The Jakarta Post
The Indonesian government has expressed its condolences following the twin bombing on Jolo Island in the southern Philippines and confirmed that no Indonesians were among the victims.
"So far, no Indonesians have fallen victim. The [Indonesian Embassy in Manila] continues to monitor [the situation] and coordinate with local authorities on the issue," Indonesian Ambassador to the Philippines Sinyo Harry Sarundajang told The Jakarta Post on Sunday night.
Sinyo said the embassy had conveyed Indonesia’s deepest condolences to the victims' families and condemned the attack.
On Monday morning, the Foreign Ministry decried the attack through its Twitter account:
"Our deepest condolences to the government of the Philippines and families of the victims. We wish a speedy recovery for the wounded," the message read.
At least 20 people were killed, including soldiers rushing to aid the wounded, as two bombs hit a church on a southern Philippines island that is a stronghold of Islamist militants, just days after a regional vote for a new autonomous Muslim region.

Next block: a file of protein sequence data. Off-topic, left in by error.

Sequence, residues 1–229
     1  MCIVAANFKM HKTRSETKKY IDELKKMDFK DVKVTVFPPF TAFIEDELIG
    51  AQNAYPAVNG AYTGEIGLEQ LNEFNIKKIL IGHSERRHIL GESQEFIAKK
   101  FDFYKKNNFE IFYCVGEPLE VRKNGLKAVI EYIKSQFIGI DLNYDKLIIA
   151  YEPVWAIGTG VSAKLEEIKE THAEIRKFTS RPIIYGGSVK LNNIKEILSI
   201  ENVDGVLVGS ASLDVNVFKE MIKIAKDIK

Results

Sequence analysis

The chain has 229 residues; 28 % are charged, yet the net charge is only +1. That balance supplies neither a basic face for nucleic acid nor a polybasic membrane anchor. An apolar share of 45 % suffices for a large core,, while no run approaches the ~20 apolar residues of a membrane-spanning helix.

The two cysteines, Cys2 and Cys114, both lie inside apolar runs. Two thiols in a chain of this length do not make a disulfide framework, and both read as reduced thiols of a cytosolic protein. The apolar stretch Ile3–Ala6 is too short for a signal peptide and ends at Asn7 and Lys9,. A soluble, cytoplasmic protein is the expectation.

The first blast occurred inside the Catholic church on war-torn Jolo on Sunday morning, as mass was being celebrated, and was followed by a second explosion in the parking lot as troops responded, regional military spokesman Lt. Col. Gerry Besana told AFP.
At least 77 people were reportedly wounded.
"The motive is surely [...] terrorism. These are people who do not want peace," Besana said.
President Rodrogo Duterte vowed to crush the terrorists.
“The enemies of the state have boldly challenged the capability of the government to secure the safety of the citizenry in that region,” Duterte spokesman Salvador Panelo said as quoted by Reuters.
The armed forces of the Philippines will rise to the challenge and crush these godless criminals.”
Philippines police suspected that the militant group Abu Sayyaf was responsible for the bombings. The group has pledged allegiance to the Islamic State group.
“They want to show force and sow chaos,” National Police chief Oscar Albayalde told DZMM radio, as quoted by Reuters, suggesting the Abu Sayyaf group was the prime suspect. (evi)